2) Pressing the buttons hard. If they're the rubber-coated-with- graphite type like some calculators/TV remote controls, the graphite wears thin. But you've got to get the usual signs of life from the electronics first.
3) Forcing the handle round by extending it with a lever -- bit of pipe or pair of wood/metal bars clamped either side.
4) Getting a cold chisel under the safe enough to lift it 1mm off the joist to hacksaw the bolts might be better than levering it the whole way.
Chris
Chris, I have just checked with a meter and the external battery terminals are open circuit. Sounds like you've been here before? You are suggesting a soldering iron on the terminals in case there's a bad joint on the inside. Worth a shot. Ger
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We have several Phoenix data safes, some bright spark lost the key to one of them, Phoenix were very helpful when I spoke to them, try calling them!
How old is the safe?
Sparks...
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Yes, talked with the manufacturer. Get a locksmith they said!! :(
Ger
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Have you entered an incorrect code several times?
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Arse!
How old is the safe?
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Not sure - I'd say about 10 years. No more. Maybe less. I have emailed them again and asked if they have anyone who knows the internal structure of the safe and, if so, could I call them. No reply yet!!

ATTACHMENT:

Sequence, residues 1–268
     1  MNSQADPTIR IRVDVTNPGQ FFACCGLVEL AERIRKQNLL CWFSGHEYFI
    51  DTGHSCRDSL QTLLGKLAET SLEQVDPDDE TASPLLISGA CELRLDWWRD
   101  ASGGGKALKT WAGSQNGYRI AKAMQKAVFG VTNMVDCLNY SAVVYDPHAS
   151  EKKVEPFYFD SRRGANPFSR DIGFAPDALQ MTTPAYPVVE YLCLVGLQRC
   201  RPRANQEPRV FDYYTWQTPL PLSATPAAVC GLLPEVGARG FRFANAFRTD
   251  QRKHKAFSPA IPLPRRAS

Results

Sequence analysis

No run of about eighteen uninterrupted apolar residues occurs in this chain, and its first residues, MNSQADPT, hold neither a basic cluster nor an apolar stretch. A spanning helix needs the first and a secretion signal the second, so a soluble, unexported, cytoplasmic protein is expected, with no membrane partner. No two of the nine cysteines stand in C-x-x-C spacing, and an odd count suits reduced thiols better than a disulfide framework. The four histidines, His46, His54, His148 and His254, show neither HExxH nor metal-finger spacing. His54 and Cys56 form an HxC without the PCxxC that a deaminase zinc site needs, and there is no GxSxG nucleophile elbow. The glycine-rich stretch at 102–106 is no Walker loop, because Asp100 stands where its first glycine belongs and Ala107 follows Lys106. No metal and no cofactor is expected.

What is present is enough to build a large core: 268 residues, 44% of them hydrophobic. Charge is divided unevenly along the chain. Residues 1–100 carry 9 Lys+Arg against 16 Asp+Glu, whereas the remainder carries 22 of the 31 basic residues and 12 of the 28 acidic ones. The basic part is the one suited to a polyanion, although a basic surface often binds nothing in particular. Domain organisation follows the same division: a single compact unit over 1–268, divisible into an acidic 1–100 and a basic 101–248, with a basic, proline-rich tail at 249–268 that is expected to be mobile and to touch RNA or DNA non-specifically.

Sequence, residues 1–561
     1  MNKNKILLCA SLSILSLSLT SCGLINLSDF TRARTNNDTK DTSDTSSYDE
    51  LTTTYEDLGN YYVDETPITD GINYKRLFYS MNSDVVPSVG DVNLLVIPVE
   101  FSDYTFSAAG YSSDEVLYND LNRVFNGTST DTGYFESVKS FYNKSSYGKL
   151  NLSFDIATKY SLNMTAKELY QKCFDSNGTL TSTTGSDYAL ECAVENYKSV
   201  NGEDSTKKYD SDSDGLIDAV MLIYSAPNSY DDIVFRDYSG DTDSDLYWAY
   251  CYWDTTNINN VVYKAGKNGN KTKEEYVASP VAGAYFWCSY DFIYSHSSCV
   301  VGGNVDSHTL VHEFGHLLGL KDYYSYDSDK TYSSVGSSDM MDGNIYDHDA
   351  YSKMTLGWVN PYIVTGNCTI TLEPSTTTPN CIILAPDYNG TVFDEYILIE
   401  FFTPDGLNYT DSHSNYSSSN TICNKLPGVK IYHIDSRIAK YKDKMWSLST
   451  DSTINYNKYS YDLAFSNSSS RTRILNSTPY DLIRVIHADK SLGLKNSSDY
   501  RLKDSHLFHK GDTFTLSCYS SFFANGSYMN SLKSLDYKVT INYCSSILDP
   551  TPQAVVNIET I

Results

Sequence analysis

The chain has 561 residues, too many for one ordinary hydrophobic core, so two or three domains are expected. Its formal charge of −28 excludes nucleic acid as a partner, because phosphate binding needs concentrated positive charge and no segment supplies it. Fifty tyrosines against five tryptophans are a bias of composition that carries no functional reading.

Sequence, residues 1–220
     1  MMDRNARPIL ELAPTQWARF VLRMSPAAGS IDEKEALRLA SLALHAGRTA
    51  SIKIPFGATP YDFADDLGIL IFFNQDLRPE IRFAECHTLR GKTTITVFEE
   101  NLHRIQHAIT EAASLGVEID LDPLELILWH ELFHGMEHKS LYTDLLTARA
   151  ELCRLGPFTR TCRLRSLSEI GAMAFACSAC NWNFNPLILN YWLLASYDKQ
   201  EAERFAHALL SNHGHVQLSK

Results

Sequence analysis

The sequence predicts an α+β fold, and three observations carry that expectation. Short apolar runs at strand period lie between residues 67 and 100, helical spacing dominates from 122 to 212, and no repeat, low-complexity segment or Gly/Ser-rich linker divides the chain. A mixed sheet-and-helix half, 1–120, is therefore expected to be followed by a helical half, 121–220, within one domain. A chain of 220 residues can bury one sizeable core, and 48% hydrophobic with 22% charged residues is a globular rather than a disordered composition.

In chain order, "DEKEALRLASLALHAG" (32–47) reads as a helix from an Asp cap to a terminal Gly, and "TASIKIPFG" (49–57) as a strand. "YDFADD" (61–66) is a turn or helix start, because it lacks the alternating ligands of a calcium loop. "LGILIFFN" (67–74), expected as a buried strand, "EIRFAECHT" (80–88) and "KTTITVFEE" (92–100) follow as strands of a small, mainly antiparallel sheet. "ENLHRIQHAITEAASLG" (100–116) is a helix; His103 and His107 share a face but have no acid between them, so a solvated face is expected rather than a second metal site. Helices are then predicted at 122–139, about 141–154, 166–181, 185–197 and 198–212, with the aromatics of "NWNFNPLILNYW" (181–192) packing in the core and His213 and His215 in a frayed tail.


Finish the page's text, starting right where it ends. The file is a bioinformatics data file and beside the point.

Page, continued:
Is that 'arse' as in - 'how very disappointing' or 'arse' as in 'don't take that crap from them' ??
Ger
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wrote:

Safe manufacturers are usually less than happy about telling people how to get in their safes.
I think the Titan range was a pilfer and fire protected safe. If so if it only has the single centre lock and the door is usually fairly easy to crowbar off. The secret is to have a very big crowbar. Drill and cut a slot in the outside skin to allow you a gap to get the crowbar in and then lever from the corners on the lock side.
This skilled technique is shown in vids.myspace.com/index.cfm?fuseaction=vids.individual&VideoID"078516
Failing that the best route in is usually through the back - you will find it has a fairly thin skin with an insulating layer between the outer and inner skin (sometimes sand or concrete to make it seem heavy). With luck the inside layer is even thinner and can be drilled and hacksawed to avid the angle grinder sparks damaging the contents. On these cheap safes the door is often thicker than the sides or back.